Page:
Modular PLE

A flexible modular approach for PLE with in-cell clean-up has been recently developed, in which extraction cell segments may be added or removed as needed to overcome the previously discussed problems and ensure optimum extraction efficiency and selectivity.

A modular system using in-house manufactured adaptors to couple existing ASE 200 extraction cells (Dionex Sunnyvale, California, USA) was recently developed (Figure 4).22 The adaptors consist of two cylindrical stainless steel guides, with threading identical to the original PLE end-caps, and a PEEK disc with a stainless steel frit pressed into its centre. The guides primarily align the extraction cell segments and keep the PEEK disc in place, but are not tightened hard. Instead, it is the compression unit of the ASE system that presses the extraction cell segments into the PEEK disc and creates the seal. These adaptors allow two or three cells to be serially connected. All combinations of 1, 5, 11 and 22 mL cells, except two- or three-22 mL cells, are possible. The same company produce a system with a similar design (ASE 350) and it should be possible to manufacture larger adaptors to couple its larger cells (34, 66 and 100 mL) to increase the sample capacity.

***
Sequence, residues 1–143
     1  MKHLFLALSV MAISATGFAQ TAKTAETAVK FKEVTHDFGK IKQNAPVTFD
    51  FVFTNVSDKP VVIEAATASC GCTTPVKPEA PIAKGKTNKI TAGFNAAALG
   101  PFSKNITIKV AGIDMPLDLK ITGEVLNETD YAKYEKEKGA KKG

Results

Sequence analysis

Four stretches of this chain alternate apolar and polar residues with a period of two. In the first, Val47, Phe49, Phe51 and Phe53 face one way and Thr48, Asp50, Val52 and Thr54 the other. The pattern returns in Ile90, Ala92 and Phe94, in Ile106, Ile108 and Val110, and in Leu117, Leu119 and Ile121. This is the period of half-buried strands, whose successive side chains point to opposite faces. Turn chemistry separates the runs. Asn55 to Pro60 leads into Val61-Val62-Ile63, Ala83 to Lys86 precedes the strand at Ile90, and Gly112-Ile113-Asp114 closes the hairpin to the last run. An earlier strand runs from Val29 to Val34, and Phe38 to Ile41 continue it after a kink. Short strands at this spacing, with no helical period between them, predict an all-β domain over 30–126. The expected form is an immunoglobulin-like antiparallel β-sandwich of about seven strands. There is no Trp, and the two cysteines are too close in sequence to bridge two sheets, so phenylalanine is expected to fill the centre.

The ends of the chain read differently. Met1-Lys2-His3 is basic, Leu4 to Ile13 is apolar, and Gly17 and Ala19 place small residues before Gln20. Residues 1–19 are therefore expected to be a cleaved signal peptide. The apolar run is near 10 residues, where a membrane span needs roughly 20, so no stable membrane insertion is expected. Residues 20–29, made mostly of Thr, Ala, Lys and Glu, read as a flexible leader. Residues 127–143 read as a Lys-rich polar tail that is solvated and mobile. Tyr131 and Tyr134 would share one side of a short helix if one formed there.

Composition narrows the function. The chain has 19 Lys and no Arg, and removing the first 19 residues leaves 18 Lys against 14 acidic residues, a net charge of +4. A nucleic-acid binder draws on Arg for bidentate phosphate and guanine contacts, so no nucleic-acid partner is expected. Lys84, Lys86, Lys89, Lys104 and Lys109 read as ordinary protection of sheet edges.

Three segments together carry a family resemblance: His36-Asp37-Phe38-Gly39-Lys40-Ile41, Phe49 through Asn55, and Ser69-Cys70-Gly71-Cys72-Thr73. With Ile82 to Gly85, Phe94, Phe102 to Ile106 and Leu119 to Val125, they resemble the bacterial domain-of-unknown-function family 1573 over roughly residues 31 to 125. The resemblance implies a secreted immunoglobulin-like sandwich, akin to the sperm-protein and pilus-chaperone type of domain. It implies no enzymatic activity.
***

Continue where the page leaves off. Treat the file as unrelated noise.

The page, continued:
Figure 4

Due to the cell and/or heater oven designs of other PLE systems on the market it is currently difficult to transfer this modular approach to ther instrument platforms. Fluid management systems (FMS) do, however, offer a similar solution in which PLE is coupled through an evaporative interface to a multi-column system for subsequent (at-line) clean-up. This system is primarily intended for dioxin analysis

The separation of the extraction cells into two or three separate compartments greatly enhances the flexibility and versatility of the PLE with the in-cell purification concept. Modules with sample, matrix retainer and adsorbents or ion-exchange resins may be added or removed as needed to obtain the desired separation, much like the solid-phase extraction (SPE) cartridges that are frequently used for extraction and purification of aqueous samples; or for purification of extracts of solid samples. The combinations are almost endless, but a few are described below and in Figure 5.

Figure 5